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Image Licensed by Ingram Images
REVELATIONS - July 2016 - Kansas City
True Love of Yourself
By Annalisa Gramlich
“It's not your job to like me...it's MINE!” --Byron Katie
The path to loving me is one I have only started on recently. After living most of my life where all my attention, focus, and energy were directed outward, I decided to try another way of being. My view of loving myself has evolved over the last two or so years through trial and error and by helping others on their journey.
A break-up facilitated and cleared my path to self-love. Let me be more specific…the break-up of a torturous, eight-year, emotional roller coaster, on and off relationship. When I finally decided to walk away, I knew something had to change. Initially, I equated self-love with self-care. They are related, but my view was simplistic and attached to “treating” myself. Self-care is a choice that grows out of or as a result of loving oneself. You cannot incorporate or truly implement self-care without knowing, accepting, and loving yourself first. This can look like acknowledging that you exist, you have a purpose and a voice, you are important, and that the only things you can control in this life is you, your choices, your behavior, etc.
Self-care behaviors and choices can be set up and selected to support this more loving framework. For me, I believed that if I treated myself to enough good meals and spa days that I was taking care of myself. Over time, I have found that it is less about our actions and more about our internal dialogue with ourselves. I could have a wonderful day planned at the most expensive spa in town, but if my thoughts are negative, critical, and judgmental, then the day at the spa will not be enjoyed.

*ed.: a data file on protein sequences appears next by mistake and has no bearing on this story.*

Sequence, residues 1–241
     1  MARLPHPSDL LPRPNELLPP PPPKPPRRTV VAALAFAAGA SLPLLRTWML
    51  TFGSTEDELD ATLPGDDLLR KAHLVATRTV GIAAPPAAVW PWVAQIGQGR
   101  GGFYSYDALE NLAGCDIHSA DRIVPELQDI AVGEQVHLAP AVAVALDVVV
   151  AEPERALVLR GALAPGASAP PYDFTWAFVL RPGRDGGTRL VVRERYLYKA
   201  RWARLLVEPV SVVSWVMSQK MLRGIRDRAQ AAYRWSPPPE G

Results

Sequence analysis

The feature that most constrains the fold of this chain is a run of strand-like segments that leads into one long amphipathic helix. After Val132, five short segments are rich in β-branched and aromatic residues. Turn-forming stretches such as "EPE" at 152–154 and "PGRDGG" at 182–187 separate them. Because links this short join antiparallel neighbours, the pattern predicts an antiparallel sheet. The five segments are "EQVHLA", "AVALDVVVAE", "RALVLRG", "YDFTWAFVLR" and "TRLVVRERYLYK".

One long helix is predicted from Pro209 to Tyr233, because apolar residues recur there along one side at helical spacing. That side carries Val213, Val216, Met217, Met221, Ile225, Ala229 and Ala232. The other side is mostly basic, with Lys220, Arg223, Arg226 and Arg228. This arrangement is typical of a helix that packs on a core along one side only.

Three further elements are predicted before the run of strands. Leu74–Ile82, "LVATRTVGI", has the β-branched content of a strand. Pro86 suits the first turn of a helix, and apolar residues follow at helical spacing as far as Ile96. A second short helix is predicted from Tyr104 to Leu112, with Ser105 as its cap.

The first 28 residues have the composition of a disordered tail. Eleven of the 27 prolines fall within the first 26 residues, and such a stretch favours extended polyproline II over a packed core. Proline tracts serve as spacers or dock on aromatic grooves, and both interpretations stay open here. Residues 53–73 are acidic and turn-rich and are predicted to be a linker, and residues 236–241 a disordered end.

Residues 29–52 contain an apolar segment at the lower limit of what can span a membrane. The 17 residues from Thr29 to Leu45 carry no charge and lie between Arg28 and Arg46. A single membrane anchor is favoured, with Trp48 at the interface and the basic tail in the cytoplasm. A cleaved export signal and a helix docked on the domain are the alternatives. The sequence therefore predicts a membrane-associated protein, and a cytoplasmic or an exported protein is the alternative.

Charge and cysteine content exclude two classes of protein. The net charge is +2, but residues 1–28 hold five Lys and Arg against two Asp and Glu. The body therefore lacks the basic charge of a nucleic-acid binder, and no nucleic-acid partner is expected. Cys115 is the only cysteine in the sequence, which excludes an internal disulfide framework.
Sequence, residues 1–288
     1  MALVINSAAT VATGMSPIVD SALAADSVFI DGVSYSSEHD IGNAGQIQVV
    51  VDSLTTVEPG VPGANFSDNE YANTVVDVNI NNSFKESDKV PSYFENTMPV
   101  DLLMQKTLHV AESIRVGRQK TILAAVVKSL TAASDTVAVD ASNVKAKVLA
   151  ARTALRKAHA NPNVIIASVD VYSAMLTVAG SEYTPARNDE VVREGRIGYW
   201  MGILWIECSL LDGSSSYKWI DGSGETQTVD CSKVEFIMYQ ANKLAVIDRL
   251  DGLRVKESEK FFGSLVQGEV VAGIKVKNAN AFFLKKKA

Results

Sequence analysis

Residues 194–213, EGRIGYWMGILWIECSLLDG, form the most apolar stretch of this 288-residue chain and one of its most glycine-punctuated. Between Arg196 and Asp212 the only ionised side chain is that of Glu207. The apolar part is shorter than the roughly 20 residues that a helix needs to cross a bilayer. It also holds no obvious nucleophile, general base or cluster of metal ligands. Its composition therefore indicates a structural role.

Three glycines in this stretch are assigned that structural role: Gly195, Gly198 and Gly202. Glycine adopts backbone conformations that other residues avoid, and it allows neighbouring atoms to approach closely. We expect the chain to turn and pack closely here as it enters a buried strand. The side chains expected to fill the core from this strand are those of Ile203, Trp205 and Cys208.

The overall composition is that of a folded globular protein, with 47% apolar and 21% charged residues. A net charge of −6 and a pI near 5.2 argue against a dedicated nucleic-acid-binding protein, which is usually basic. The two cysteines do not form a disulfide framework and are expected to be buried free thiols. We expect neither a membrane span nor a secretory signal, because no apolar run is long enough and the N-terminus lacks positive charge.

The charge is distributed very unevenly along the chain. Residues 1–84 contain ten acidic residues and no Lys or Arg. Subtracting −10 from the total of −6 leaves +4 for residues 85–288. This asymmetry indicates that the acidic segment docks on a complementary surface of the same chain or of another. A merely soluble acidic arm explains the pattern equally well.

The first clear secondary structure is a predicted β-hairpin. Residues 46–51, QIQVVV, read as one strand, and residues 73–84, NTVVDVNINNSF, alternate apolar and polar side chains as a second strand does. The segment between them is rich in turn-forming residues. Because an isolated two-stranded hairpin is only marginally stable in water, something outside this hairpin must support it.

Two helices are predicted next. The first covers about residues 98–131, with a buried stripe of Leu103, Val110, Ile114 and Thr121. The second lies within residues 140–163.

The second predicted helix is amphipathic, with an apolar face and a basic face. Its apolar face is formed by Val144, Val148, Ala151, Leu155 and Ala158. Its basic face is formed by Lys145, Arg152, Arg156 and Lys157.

Listen: bringing awareness to your thoughts and your running commentary is the first step. For example, you are feeling sad about an old relationship. You begin to judge and criticize yourself, “I should be over this by now,” “Why can’t I let this go?” Take a moment here, take a deep breath, and observe the critic.
Acknowledge: acknowledge your thoughts, even the bad ones. Once you are in observer-mode you can gently notice the negative thoughts and commentary. Essentially, you are saying, “I hear you.” DO NOT try to shut down negative thinking. What you resist persists.
Curiosity and Choice: get curious and ask yourself questions such as, “Is this the most loving way to approach myself? Could I approach myself in a more loving way?”
The answer to these questions is always YES. Choose a different, more loving perspective or thought. Back to the example--after getting curious, you could choose to see feeling sad as a message to yourself and begin to investigate that. These steps may not happen all at once. In fact, I would encourage you to stay with observing your thoughts especially those about your feelings. Make notes for a few days, maybe even setting an alarm on your phone to check in with yourself. Review the notes to see patterns.
Most of us live with a vicious inner critic or judge. The problem is that this perspective can keep us stuck and living small. It is time to start replacing that voice with a more compassionate one. The amazing thing about this work is that when you are able to approach yourself more lovingly, the more you can approach other people and situations in your life this same way. By changing your inner perspective, your external reality will automatically shift to a more positive place.
Annalisa Gramlich is an education research psychologist, licensed professional counselor, and registered yoga teacher. She offers counseling, life and professional coaching, and movement therapy using yoga practices. Her philosophy is holistic and she believes it is important to examine each part of life because everything is connected when it concerns mental, emotional, and physical suffering and pain. Annalisa feels truly grateful to be doing this work and believes her purpose in this life is to assist others on their journeys to self-discovery and healing. You can reach her via e-mail at firstname.lastname@example.org or by phone at 816.916.9642